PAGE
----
You can run so many different types of campaigns in Planescape that it can get a bit overwhelming.
One approach is to take an existing theme you're familiar with, like the "jobs for a patron" format and simply port the model into the weird setting of Planescape. Examples might include:
Jobs for a patron: Set in Sigil, the characters are agents for one of the Factions and take up missions against the other Factions or go on quests to the outer planes
Take out a cult: More than one Planescape campaign is centered around taking down an evil cult bent on returning a god from the dead.
Search for a legendary artifact: This has an opportunity to take the character from the sprawling libraries of Sigil to the deepest and deadliest layers of the Outer Planes where the party can face strange and terrifying foes.
A second approach is to incorporate Planescape into your existing campaign. Sending the characters on a side quest to Sigil or another planar location is an easy way to bring the strange into the familiar without starting an entirely new campaign.
A third approach is to invoke something that feels very different from classic D&D tropes. This can be the most challenging since you're trying different themes in a different setting. But if any setting will reward it, it will be Planescape. This is your opportunity to lean hard into the weird and philosophical. What happens if the campaign is about fighting beliefs instead of fighting monsters? How can memory be a powerful weapon? Does causality work the same way on all planes? Maybe not. What happens when you introduce time travel? What does death mean when dead people simply re-appear on an outer plane? What happens with alignments when pushed to extremes?
Having touchstones you can reference and that you can point your players towards will make it easier to wrap your head around what Planescape is supposed to feel like. But because Planescape is so "out there," we have to stretch a little more to find relevant cultural touchstones. Here are a few that I find interesting:
Planescape: Torment - The 1999 CRPG is the best media touchstone for obvious reasons. It's also an excellent game and a classic for a reason. Well worth the time if you can adjust to the dated gameplay of a game released 25 years ago. If you don't want to play through it, consider watching a streamed playthrough on YouTube or, better yet, listed to the fully-voiced retelling in the Planescape: Torment Unofficial Audio Series.
Torment: Tides of Numenara - A more recent CRPG that is inspired by Planescape Torment but is set in the Numenera "Ninth World" setting. This is a very different setting than Planescape - it's a science fantasy dying earth setting based on Monte Cook's Numenara ttrpg setting (note that Monte Cook was the author of many of the original 2nd edition Planescape source books).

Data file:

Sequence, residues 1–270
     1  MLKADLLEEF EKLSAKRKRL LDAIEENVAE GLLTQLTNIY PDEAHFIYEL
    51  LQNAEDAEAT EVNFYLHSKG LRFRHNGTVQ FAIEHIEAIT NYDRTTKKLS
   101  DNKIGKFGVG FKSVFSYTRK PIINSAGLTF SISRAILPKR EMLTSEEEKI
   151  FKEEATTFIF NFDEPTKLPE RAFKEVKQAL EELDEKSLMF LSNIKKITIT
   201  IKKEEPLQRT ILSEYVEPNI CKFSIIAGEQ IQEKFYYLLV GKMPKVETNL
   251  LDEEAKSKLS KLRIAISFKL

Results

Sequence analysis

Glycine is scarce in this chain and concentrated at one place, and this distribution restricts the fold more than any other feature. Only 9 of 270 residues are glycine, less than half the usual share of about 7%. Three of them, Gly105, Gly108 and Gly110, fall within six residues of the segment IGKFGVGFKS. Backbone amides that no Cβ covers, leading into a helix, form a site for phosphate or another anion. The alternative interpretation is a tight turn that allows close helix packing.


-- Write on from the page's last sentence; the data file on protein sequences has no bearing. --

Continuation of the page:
The Chronicles of Amber by Roger Zelazny - The Nebula and Hugo Award-winning sci-fi and fantasy master, Roger Zelazny's 10-volume Chronicles of Amber series is all about world-hopping adventures in a philosophical multiverse where all realities are shadows of Amber and the the shifting allegiances of the protagonist and his family bring ruin and rebirth to Amber and many of the other worlds. The strange metaphysics and world-hopping of these short adventurous novels feels very in the realm of Planescape.
Marvel's "Cosmic" Storylines in the 1970s and 1980s - Technically starting as early as 1966, Marvel comics began experimenting with stories that stretched beyond Earth, with villains such as Galactus and Thanos that could threaten reality itself. Many of these characters were created and written about by the legendary Jim Starlin, who would go on to write the Infinity Gauntlet and Infinity War series. The films were enjoyable, of course, but to see how weird these stories got, go back and read Jim Starlin's run of Warlock or the original Infinity Gauntlet series. The cosmic, reality-bending events of these stories always had a Planescape sort of feel to me.
Saga by Brian K. Vaughn and Fiona Staples - More world-hopping weirdness, Saga feels like an alternate-reality Planescape, one filled with beautifully-written family drama on multiple worlds. Definitely worth the read and will give you inspiration for your Planescape setting.